Now I can hear you thinking, but the base of Q2 isn't tied to a fixed voltage as in the example above. What I showed above works at DC, and I used DC to explain it because that's easier to understand. In your circuit, you have to think about what happens at AC, particularly at the oscillating frequency. At that frequency, C3 is a short. Since it is tied to a fixed voltage, the base of Q2 is essentially held at a fixed voltage from the point of view of the oscillating frequency. Note that at 100 MHz (in the middle of the commercial FM band), the impedance of C2 is only 160 mΩ, which is the impedance the base of Q2 is being held constant with.

R6 and R7 for a crude DC bias network to keep Q2 close enough to the middle of it's operating range for all the above to be valid. It's not particularly clever or robust, but will probably work with the right choice of Q2. Note that the impedances of R6 and R7 are orders of magnitude higher than the impedance of C3 at the oscillating frequency. They don't matter to the oscillations at all.

The rest of the circuit is just a ordinary and not particularly clever or robust amplifier for the microphone signal. R1 biases the (presumably) electret microphone. C1 couples the microphone signal into the Q1 amplifier while blocking DC. That allows the DC bias points of the microphone and Q1 to be independent and not interfere with each other. Since even HiFi audio only goes down to 20 Hz, we get to do what we want with the DC point. R2, R3, and R5 form a crude bias network, working against the load of R4. The result is that the microphone signal is amplified, with the result appearing on the collector of Q1.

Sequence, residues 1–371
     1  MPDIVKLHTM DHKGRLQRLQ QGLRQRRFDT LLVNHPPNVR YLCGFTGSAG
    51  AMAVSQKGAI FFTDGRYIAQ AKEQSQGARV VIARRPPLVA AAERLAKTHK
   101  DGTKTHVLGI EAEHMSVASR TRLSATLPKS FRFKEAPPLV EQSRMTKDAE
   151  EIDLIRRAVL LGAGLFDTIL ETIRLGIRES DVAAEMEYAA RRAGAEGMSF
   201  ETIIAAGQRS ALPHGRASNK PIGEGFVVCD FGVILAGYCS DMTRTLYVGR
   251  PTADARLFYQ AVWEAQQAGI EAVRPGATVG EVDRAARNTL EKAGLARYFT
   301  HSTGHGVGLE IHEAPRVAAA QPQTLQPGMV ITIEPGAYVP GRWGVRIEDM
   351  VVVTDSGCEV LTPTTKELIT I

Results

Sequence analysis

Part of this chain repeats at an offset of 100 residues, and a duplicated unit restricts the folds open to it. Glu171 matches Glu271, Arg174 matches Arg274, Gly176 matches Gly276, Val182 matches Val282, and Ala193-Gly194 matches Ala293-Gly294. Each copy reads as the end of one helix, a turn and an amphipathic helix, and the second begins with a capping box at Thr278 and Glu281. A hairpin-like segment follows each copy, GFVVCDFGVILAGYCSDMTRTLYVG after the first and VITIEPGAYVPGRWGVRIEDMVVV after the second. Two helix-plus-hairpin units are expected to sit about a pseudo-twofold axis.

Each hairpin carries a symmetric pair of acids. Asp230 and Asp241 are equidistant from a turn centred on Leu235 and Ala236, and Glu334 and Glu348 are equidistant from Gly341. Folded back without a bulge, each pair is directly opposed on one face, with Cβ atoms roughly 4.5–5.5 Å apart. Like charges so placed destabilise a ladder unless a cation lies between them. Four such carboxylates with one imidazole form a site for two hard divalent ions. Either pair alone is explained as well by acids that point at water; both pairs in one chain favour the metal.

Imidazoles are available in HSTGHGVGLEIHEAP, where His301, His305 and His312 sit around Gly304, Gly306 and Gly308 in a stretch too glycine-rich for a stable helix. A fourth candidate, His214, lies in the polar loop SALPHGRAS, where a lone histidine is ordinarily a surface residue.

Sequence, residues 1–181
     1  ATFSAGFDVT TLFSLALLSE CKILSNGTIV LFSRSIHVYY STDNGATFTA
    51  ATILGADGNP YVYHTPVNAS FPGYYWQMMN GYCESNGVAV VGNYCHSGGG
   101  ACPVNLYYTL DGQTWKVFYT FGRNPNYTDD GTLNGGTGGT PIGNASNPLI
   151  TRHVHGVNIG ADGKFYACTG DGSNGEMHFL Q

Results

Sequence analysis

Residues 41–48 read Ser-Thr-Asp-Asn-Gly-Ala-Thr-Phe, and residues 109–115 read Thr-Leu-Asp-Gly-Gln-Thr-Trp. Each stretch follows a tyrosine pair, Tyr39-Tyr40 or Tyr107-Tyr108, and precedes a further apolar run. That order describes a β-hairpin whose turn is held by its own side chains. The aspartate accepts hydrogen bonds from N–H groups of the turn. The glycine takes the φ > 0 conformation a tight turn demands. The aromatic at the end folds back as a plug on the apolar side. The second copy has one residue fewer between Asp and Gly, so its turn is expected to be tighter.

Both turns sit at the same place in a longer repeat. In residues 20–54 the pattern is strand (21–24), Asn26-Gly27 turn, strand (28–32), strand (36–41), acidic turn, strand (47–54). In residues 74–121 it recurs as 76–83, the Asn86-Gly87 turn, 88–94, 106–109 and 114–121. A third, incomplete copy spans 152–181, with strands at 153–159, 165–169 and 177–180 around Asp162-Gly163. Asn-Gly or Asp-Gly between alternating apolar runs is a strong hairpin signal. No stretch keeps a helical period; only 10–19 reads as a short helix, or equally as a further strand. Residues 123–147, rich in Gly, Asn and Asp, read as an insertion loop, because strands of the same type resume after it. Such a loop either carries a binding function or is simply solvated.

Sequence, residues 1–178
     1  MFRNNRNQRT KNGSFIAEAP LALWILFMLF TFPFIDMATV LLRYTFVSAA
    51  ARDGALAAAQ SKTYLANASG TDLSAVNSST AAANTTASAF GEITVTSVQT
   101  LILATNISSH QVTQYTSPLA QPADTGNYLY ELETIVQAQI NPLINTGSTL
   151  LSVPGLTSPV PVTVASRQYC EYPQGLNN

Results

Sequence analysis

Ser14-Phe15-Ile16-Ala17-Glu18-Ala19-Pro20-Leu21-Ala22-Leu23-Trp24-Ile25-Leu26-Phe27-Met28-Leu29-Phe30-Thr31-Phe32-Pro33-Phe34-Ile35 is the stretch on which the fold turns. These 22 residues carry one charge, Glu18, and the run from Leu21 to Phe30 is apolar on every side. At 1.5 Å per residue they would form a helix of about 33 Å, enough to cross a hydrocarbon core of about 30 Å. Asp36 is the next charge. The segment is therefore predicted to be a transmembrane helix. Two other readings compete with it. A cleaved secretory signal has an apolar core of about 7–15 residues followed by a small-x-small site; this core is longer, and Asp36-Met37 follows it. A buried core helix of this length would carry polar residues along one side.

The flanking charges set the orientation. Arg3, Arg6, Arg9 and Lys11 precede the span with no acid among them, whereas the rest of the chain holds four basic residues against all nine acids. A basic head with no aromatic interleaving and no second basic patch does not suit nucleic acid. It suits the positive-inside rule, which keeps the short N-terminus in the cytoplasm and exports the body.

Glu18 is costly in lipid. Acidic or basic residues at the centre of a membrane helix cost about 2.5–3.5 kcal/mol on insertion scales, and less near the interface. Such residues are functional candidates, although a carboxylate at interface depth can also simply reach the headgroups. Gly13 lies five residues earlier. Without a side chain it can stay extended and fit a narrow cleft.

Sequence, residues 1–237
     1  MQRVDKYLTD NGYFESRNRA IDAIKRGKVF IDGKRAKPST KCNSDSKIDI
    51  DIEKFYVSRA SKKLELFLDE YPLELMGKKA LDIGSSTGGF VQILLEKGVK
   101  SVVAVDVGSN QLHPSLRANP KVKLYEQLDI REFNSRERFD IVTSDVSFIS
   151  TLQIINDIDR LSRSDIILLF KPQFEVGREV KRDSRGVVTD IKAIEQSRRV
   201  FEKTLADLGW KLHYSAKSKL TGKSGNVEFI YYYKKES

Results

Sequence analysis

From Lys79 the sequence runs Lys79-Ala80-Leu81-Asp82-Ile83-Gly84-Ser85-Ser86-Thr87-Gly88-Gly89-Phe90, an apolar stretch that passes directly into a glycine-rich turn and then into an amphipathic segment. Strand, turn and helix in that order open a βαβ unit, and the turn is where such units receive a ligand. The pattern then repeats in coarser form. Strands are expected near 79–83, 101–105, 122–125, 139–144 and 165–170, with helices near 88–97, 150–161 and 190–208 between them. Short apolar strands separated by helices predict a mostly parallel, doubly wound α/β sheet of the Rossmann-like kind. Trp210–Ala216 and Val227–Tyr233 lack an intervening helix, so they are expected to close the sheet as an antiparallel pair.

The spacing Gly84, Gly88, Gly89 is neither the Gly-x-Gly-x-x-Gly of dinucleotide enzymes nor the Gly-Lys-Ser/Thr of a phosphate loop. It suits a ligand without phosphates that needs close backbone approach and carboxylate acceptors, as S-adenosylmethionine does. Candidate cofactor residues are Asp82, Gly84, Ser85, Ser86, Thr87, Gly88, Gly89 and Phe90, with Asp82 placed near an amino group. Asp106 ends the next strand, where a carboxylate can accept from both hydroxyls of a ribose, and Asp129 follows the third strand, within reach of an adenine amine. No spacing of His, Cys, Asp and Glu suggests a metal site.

C2 then couples this audio signal into the oscillator. Since the audio frequencies are much lower than the oscillating frequency, the audio signal passing thru C2 effectively perturbs the bias point of Q2 a little. This changes the driving impedance seen by the tank slightly, which slightly changes the resonant frequency the oscillator runs at.

• I think I'm going to have to read this a few times to fully understand, but this looks like the answer I wanted. The other answers are also good, but alas, I can only accept one. – Matt Ruwe Sep 7 '15 at 11:57
• @Matt: If you explain exactly what you don't understand, I can maybe elaborate on that point. – Olin Lathrop Sep 7 '15 at 13:47
• It all makes sense, I just need to do some experimentation to apply everything you mentioned. I'll let you know if I still have questions after that. – Matt Ruwe Sep 9 '15 at 10:20

In that schema Q1 is a class A audio amplifier with a gain about 50-100. It is used to drive the oscillator stage — I've never been very good at recognizing oscillator types [turns out Q2 is a Colpitts oscillator] with C4/L1 @ ~110 MHz. If my memory serves me right C5 increases the miller effect to bring Q2 in an unstable, self-oscillating state.

EDIT: See Kevin White's response on how modulation works in this circuit.

• Isn't it a collpits oscilator? hartley is 2L 1C. collpits is 2C and 1L. – Bruce Sep 6 '15 at 7:48
• Hence why I'm not good at recognizing oscillator types :-D . – user59864 Sep 6 '15 at 10:18
• trick to remember them: colpits starts with a C(apacity) so 2*C and Hartley starts With H(enry) so 2*L – Bruce Sep 6 '15 at 10:40